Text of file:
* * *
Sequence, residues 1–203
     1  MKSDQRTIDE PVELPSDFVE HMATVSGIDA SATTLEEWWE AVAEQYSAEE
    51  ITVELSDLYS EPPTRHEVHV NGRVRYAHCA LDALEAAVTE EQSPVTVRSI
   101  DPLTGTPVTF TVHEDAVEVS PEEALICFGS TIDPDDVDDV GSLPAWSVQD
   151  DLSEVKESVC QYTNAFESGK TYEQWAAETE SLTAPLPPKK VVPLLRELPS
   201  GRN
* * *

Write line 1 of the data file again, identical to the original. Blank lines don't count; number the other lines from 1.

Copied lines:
Sequence, residues 1–203